If it was good the first time, it’s certainly good the second time, thus says Acer with their Iconia Tab A501, a device which is, in almost every way imaginable, exactly the same as the original Iconia Tab A500 we reviewed back on April 20, 2011. Therefor what we’ve got here is a bit of an upgrade to the original review, a bit of re-upping the details, and a few benchmarks to keep your mouth wetted for the big dinner.
This device is one of the first tablets on the market able to work with AT&T’s current “4G” network, that being HSPA+ in this case, with LTE on the way though we’re pretty sure this tablet isn’t going to be upgraded in such a way as the activation of said network sweeps through the United States. What we’re going to show you here first is a hands-on and unboxing video as prepared by Cory Gunther, writer for Android Community and reviewer for SlashGear. Watch as he opens the box that has an extra 1, one less 0, and an AT&T logo on it.
What you’ve got here is a 10.1-inch display attached to an Android 3.0.1 Honeycomb toting Acer machine that has no less than an NVIDIA Tegra 2 dual-core processor inside. This processor has two 1GHz cores in it and gives you access to the exclusive NVIDIA Tegra Zone app store, complete with ultra-fantastically detailed and powerful games galore. Inside you’ll also fine 1GB or RAM, 32GB internal storage, a microSD card slot to expand this by 32GB again, and a couple of lovely cameras.
On the left edge you’ve got your transparent plastic power button, 3.5mm headphone jack, and microHDMI cord port. At the top you’ve got a removable cover that hides both your microSD card port and your full-sized SIM card port. The original A500 has this same set of ports, but has yet to have the SIM card port activated. On the right side of the device you’ve got a reset button deep inside a pinhole, a full sized USB port, microUSB, and a lovely power port. You’ll be powering this device exclusively through this power port and the massive cord you get with the device in the box – the microUSB port is only for connecting to your computer.
The back of the device, again, has the main camera, a 5-megapixel camera with a cool single LED flash near it, the Acer logo looking lovely in the center of it all. The majority of the tablet is brushed aluminum, a thin piece of it making up the bulk of the back of the device. It’s touch enough to make you feel like you’ve got a high-quality product here made mainly of metal yet thin enough that the tablet doesn’t weigh a ton.
Software and Performance
This tablet features a fairly stripped down look at Honeycomb as most Android tablets thus far working with Honeycomb have been prone to do. You’ve got some unique bits in a sort of full-screen drawer system, all of this you can see working in the original hands-on video your humble narrator filmed some weeks ago:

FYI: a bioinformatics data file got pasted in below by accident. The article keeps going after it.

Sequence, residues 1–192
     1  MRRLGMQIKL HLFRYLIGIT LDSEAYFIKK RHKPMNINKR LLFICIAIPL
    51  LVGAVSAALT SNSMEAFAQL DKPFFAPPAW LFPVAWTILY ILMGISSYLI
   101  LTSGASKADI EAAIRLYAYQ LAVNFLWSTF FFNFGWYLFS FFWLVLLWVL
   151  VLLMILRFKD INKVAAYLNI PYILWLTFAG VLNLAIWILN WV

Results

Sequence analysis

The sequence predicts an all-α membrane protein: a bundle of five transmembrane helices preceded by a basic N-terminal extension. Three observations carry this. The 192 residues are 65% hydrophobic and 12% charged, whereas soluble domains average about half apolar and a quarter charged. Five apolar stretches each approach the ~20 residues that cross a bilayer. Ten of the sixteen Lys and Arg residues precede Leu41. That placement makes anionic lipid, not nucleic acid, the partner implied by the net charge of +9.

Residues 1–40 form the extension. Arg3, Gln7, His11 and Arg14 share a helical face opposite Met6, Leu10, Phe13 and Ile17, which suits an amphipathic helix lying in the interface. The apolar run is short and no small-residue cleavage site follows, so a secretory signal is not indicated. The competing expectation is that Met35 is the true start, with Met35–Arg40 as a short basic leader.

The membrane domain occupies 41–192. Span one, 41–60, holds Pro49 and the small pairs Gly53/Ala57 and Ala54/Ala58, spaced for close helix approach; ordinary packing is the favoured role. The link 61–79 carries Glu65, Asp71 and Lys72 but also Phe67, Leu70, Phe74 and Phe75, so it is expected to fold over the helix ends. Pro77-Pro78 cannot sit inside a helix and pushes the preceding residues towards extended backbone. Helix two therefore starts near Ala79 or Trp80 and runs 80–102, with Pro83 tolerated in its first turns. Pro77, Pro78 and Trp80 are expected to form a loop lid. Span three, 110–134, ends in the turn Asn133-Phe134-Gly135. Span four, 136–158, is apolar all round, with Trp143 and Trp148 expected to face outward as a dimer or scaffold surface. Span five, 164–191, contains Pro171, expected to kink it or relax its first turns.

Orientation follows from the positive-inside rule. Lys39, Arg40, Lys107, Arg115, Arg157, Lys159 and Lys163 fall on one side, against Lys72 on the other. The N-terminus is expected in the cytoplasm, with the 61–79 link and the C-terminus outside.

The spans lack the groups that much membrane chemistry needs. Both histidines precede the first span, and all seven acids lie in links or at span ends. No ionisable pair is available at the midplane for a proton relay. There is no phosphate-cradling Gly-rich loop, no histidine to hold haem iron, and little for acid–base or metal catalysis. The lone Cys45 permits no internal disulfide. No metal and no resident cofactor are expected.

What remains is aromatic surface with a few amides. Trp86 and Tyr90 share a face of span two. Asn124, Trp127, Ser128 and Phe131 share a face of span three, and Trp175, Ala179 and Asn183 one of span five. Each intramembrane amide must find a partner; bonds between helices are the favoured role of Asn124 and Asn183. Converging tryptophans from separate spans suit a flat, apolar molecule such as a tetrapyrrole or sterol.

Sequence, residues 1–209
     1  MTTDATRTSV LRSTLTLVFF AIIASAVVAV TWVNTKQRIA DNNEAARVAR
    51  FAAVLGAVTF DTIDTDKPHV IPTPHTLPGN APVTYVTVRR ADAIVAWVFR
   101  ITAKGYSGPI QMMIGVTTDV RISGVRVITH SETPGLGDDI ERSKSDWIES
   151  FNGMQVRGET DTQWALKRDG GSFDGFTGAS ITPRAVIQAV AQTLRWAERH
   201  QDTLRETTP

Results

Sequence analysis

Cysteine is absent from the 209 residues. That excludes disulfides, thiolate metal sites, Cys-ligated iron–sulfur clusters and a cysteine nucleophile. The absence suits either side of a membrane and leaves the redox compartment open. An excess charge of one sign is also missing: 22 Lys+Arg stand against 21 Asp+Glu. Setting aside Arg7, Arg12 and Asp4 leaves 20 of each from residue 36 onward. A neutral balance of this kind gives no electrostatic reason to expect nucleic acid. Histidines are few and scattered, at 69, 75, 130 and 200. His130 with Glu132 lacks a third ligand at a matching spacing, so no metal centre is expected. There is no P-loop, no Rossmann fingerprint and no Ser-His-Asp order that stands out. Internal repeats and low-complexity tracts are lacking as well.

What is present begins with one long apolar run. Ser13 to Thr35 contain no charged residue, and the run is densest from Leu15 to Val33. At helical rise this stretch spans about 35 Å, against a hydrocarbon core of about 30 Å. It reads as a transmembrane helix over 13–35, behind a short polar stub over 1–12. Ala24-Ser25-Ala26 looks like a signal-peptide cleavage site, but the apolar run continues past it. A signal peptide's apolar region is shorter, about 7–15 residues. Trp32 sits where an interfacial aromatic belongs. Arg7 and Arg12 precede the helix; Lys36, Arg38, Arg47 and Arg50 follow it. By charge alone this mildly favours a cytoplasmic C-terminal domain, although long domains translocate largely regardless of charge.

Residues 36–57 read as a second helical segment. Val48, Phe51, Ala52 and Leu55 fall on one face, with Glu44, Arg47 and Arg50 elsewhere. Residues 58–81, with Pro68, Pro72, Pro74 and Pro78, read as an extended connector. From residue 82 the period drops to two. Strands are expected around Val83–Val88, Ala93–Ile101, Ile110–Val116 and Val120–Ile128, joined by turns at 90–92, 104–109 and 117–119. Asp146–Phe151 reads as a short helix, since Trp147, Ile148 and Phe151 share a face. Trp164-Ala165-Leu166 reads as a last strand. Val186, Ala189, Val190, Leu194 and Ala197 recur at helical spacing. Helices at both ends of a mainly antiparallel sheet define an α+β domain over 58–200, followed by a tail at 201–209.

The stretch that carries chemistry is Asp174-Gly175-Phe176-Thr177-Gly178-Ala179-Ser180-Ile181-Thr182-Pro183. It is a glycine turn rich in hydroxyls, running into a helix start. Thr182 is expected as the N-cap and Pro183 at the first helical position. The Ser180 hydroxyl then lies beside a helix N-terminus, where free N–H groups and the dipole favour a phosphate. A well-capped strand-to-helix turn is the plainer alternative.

Again notice that this is a video of the A500 while the device we’re reviewing in the post you’re in now is the A501, and that the only real difference is the connectivity to AT&T’s HSPA+ network. Lucky you, we did a couple of speed tests to show you what it means to be on said network – behold the fury of AT&T’s current 4G. It is connected, that’s for certain.
Then come the benchmarks – we’ve run tests galore and YOU are gonna want to rummage through them to get a better idea of what you’re looking at here. Note that this tablet features the same NVIDIA Tegra 2 dual-core processor that we’ve also seen in every single multi-core Android tablet thus far. If you’re running dual-core and your running Android on a tablet, you’re running NVIDIA’s Tegra 2.
Camera and Battery Life
First you should note that you’ve got a standard Li-Po 3260 mAh battery under the hood for massive long life per full charge. As with basically every tablet that’s come out in the past few months, you’re good to go for more than a day’s worth of work on your Android tablet. No worries. For the camera, you’ve again got the same setup as the A500, so it’s an OK look at world through front and back cameras, certainly better than the iPad 2 on the back but, then again, most devices in general are, and the front is certainly adequate for video chat.
When you consider purchasing a tablet, there’s a choice you must make that’s completely unheard of in the smartphone world – do you want a data connection or not? With the majority of the tablets to be released thus far toting Android, you either don’t get a choice of whether or not you get data OR you get the choice of one or the other. Here you can purchase the A500 with no contract or the A501 with an AT&T contract, this ending up being $329 with a new, two-year data agreement, or offered at $479 for the 16GB contract-free version. Compared to the $600 pricetag on the HTC Jetstream tablet with comparable specs, the A501 is a no-brainer.
Another point to make here, and Cory was right on with his SlashGear review of this device, the A500 and the A501 look like one another but they do not look like any other tablet out there. You’ve got a unique set of chassis here, that’s for sure. Acer did their job well in making a unique amalgamation of metal, glass, and plastic, and all of it for the win.